The Assassination of Margaret Thatcher – Hilary Mantel’s alluring portraits of interior disquiet
Hilary Mantel’s short stories explore isolation, pain and distress in glinting, if at times melodramatic, prose
Sunday 28 September 2014 09.00 BST
ince it was announced earlier this year, the title of Hilary Mantel’s collection of 10 stories has dangled the possibility that the author of Wolf Hall and Bring Up the Bodies was about to unleash a dissection of Thatcher’s time in power to rival her Man Booker-winning portrait of Tudor intrigue.
As it happens, Thatcher is – literally – the last thing you’ll find in these atmospheric tales: she appears in the concluding lines of the final, titular story (the only new, unpublished tale here), glimpsed by a narrator who has been taken hostage by an IRA gunman in a Windsor flat. The window of that flat overlooks the hospital in which Thatcher lies recovering from eye surgery in 1983; and as the narrator engages her intruder in conversation, he waits with a rifle on his lap for the Iron Lady to emerge, which she eventually does: “The bag on the arm, slung like a shield. The tailored suit… the glittering helmet of hair… like a gold coin in a gutter.”
You can see Mantel wielding here the vivid eye for political character that she has deployed in her Thomas Cromwell novels. But there – apart from its being set in Windsor – the similarities with the court of Henry VIII end.
Mantel’s concern in these stories, in contrast to her historical fiction, is with domestic suffocation, psychological unease and even the ghoulish – a combination of themes that has run throughout her more contemporary novels, from her debut Every Day Is Mother’s Day (1985) to Beyond Black (2005), whose protagonist was haunted by visions of the afterlife.
Here, in a story called Terminus, an unnamed narrator glimpses her dead father “on a train pulling out of Clapham Junction”. In another, Winter Break, a holidaying English couple witness, seemingly, the killing of a child.
At worst, these stories read like outmoded tales of the unexpected. The best, however, come infused with Mantel’s almost lush evocations of isolation and distress.
The opening story, Sorry to Disturb – originally published as a memoir – is set in Jeddah, where Mantel lived for four years and where she penned her first novels. Her narrator is visited by a Saudi man intent on starting a romance with her. He is only a part, though, of the generalised oppressiveness closing in on her (Mantel has written for this newspaper about how desperate she was to leave Saudi Arabia). To the country’s stifling political strictures, Mantel adds her own then undiagnosed ill health, which she remedied with at times disastrously prescribed drugs: “Some nights, sleepless, pacing, I careened off the walls, and only the dawn prayer call sent me to bed, still thinking furiously of books I might write.”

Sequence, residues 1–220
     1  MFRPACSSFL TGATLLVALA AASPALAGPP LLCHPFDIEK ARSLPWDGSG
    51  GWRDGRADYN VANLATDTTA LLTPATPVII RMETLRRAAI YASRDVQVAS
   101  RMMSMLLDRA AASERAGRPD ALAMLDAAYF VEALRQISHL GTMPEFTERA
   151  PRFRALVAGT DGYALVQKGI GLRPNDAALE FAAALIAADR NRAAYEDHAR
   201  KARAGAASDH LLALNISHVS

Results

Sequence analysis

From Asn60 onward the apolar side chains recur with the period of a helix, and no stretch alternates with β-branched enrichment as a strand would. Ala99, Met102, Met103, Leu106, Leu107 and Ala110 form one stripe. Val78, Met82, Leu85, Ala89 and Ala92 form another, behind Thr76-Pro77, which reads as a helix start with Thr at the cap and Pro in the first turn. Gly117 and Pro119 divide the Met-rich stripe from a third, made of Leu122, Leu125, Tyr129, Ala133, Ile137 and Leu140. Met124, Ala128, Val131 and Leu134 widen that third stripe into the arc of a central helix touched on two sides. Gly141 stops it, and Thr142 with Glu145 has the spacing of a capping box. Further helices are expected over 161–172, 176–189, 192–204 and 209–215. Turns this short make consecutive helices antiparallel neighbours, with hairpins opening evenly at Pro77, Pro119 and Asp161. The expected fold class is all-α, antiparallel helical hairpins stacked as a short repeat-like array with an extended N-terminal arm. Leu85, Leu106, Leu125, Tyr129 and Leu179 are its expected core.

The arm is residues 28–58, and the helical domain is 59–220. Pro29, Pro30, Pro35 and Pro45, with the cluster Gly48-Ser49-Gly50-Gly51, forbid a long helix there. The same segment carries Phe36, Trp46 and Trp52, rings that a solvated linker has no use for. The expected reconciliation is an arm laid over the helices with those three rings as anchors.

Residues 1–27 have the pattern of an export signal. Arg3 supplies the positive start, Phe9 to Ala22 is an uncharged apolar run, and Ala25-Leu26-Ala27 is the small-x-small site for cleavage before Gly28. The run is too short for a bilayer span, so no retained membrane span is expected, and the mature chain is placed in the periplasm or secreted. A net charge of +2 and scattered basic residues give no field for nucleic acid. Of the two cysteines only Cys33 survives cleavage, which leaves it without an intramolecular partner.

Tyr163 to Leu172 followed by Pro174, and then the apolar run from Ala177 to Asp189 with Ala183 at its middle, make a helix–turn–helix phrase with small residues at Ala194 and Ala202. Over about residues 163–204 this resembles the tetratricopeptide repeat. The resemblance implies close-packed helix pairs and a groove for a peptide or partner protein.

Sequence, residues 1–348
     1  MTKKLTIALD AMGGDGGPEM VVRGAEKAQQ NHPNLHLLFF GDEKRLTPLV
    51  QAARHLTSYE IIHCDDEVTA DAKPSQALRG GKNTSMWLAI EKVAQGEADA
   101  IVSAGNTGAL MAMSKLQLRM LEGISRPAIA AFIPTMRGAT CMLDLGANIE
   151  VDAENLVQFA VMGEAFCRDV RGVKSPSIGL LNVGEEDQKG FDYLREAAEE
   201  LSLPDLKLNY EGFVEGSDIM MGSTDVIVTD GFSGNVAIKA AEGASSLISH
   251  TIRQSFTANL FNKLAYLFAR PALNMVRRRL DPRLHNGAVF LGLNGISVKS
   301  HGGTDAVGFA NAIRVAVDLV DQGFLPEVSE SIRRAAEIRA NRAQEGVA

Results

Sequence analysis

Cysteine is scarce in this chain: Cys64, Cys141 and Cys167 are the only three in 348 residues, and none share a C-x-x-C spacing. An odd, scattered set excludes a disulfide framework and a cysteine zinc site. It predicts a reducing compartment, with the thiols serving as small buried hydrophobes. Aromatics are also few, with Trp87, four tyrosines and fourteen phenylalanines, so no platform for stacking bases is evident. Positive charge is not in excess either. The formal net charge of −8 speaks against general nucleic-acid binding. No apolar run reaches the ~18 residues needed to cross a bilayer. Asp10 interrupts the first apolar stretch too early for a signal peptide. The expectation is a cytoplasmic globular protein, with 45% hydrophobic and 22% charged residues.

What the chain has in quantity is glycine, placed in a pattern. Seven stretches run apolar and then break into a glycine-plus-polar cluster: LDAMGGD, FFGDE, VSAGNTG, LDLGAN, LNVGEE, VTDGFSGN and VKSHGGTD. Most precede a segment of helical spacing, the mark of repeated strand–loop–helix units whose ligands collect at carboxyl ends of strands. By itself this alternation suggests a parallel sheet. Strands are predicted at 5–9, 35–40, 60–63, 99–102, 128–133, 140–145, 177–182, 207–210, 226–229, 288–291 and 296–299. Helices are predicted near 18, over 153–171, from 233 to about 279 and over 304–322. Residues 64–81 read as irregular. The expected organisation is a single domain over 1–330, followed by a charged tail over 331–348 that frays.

Mantel carries that nightmarish sense of private turmoil over to almost every character and narrator here, from a novelist floundering under the burden of her loneliness on a literary trip (“My dreams took me to strange waterfronts and ships’ bridges, on queasy currents and strange washes of the tide”) to a brilliantly observed but heavy-handed tale of a girl suffering from anorexia: “She could no longer trust her food to be what it said it was.”
In some of the stories, it’s hard not to wince at the creak of melodrama, such as in The Long QT, in which a wife stumbles, with Miss Marple-ish consequences, on her husband’s infidelity at a cocktail party. Yet even here, Mantel’s glinting prose flashes: “It was then his wife arrived, and paused in the doorway. Her bare arms were drooping stems, and glasses like fruit hung from her finger ends.” All in all, and a world away from the seats of power with which Mantel is currently preoccupied as she completes the concluding part of her Cromwell trilogy, these are alluring portraits of interior disquiet, even if they don’t quite hold in the memory with the firmness you keep hoping for.